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Status: You are viewing the version of the handbook as on 2005-06-30.

AUTH 3.23 Specific issues: applicants that are limited liability partnerships

AUTH 3.23.1G

1A limited liability partnership is a body corporate incorporated under either the Limited Liability Partnerships Act 2000 or other legislation having the same effect as the Limited Liability Partnerships Act 2000. So, a limited liability partnership is a body corporate and exists as a legal person separate from its members. Any limited liability partnership that wishes to carry on a regulated activity must make its application for Part IV permission in its own name. Consequently, unlike partners in a partnership , the members of the limited liability partnership do not personally become authorised . So, the members do not have permission to conduct regulated activities in their own names. The regulated activities must be carried on by the limited liability partnership itself.

AUTH 3.23.2G

A limited liability partnership has some features of a limited company and some of a partnership. For example, it can have the organisational flexibility of, and is subject to a taxation regime similar to that of, a partnership. However, although the partners of a general partnership are liable personally for the obligations of the partnership, a limited liability partnership (like a limited company) is a separate legal entity that is owned by its members. It is this structure that allows members to protect their personal assets from the liabilities of the body corporate .

AUTH 3.23.3G

The organisational flexibility available to a limited liability partnership means that all of the members can be involved in the day-to-day management and operations of the business. This is so, even though they have limited their liability for the limited liability partnership's obligations. This may be contrasted with the position of limited partners in a limited partnership.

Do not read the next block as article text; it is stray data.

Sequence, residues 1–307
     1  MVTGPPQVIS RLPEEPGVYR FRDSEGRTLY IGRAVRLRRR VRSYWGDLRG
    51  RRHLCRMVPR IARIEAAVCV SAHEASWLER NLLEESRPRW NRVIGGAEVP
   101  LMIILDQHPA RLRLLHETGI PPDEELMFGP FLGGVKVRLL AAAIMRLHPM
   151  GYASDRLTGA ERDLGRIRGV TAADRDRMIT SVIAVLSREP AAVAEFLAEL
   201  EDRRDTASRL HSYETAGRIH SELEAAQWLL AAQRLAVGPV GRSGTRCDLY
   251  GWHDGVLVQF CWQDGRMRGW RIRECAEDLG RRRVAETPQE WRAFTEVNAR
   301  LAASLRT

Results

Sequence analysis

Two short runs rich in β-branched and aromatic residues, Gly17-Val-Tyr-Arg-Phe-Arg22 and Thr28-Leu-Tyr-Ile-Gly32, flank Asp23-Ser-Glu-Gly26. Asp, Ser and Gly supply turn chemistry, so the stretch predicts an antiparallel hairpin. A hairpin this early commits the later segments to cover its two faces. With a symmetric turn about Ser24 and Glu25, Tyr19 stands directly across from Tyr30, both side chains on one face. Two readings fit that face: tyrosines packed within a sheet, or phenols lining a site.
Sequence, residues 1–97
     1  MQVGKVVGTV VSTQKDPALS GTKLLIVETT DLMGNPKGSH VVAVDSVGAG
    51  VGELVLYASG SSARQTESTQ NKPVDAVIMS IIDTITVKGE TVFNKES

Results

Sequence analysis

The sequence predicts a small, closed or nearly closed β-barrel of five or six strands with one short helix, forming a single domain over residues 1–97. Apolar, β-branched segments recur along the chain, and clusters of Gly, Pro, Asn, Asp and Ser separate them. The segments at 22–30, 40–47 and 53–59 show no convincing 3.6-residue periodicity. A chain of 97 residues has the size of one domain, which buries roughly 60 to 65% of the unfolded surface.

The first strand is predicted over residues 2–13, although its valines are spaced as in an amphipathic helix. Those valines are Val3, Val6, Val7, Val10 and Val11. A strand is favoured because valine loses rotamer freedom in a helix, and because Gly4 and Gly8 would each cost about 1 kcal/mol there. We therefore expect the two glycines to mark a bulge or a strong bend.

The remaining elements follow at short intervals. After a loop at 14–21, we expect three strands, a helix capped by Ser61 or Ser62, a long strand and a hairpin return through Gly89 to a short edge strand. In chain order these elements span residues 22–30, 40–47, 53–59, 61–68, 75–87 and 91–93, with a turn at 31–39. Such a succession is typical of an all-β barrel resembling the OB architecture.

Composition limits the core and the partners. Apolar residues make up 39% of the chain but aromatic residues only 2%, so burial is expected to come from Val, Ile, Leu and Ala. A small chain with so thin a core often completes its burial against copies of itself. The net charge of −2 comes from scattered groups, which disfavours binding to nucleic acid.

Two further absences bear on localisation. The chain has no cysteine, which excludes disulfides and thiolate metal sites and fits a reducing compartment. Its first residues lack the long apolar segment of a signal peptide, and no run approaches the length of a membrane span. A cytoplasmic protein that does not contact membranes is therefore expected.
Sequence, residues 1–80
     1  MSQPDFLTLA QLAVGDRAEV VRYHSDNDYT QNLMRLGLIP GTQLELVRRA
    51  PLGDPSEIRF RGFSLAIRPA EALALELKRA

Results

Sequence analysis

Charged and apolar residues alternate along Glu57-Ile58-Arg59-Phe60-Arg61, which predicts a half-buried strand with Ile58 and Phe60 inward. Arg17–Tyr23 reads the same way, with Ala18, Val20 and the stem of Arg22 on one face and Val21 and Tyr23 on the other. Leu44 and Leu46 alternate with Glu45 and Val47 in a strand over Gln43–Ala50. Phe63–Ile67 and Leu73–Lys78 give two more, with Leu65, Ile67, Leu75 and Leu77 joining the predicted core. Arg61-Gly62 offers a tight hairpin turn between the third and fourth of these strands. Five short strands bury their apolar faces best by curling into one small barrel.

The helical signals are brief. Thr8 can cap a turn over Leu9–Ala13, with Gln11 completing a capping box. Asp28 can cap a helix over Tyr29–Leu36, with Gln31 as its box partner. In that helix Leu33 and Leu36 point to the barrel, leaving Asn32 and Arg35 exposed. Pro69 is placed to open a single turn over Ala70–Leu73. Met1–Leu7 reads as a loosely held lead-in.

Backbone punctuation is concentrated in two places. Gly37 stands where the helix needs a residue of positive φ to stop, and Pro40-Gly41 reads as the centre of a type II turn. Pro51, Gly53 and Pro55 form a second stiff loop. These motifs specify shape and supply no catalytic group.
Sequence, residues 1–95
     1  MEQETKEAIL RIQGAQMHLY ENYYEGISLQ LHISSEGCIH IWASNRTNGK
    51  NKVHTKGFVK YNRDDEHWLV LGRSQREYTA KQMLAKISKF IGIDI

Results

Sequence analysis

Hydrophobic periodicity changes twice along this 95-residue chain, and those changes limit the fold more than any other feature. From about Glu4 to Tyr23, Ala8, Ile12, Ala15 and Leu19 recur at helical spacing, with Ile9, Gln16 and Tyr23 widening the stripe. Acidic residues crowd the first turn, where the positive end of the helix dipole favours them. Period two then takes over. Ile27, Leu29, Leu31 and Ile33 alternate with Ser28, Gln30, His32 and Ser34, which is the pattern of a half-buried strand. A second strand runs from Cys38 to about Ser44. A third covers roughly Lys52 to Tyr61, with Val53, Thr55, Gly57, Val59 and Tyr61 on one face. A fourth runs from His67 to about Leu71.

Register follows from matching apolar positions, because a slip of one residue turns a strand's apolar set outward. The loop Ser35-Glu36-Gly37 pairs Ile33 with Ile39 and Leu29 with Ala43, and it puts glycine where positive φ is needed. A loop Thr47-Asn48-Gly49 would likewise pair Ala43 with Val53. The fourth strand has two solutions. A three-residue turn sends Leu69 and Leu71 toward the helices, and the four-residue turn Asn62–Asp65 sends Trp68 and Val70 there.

AUTH 3.23.4G

A consequence of the organisational flexibility available to a limited liability partnership is the potential for widely differing organisational structures. This means that the proposed organisational structure for an applicant for Part IV permission will need to be explained fully in the application. This will allow the FSA to give proper consideration, with the applicant, to the way in which the approved persons and financial resource requirements will apply to it. All limited liability partnerships that are making an application for Part IV permission, whether or not they have been formed under the Limited Liability Partnerships Act 2000, will need to supply this information.

AUTH 3.23.5G

Authorised persons wishing to exchange their existing status to that of a limited liability partnership will need to make an application for Part IV permission in the name of the new entity, and will be expected to complete an application pack for Part IV permission. A firm considering changing its existing status should contact the Enquiries and Applications Department (Applications team) (see AUTH 1.9.2 G) at an early stage for advice on what will be required.1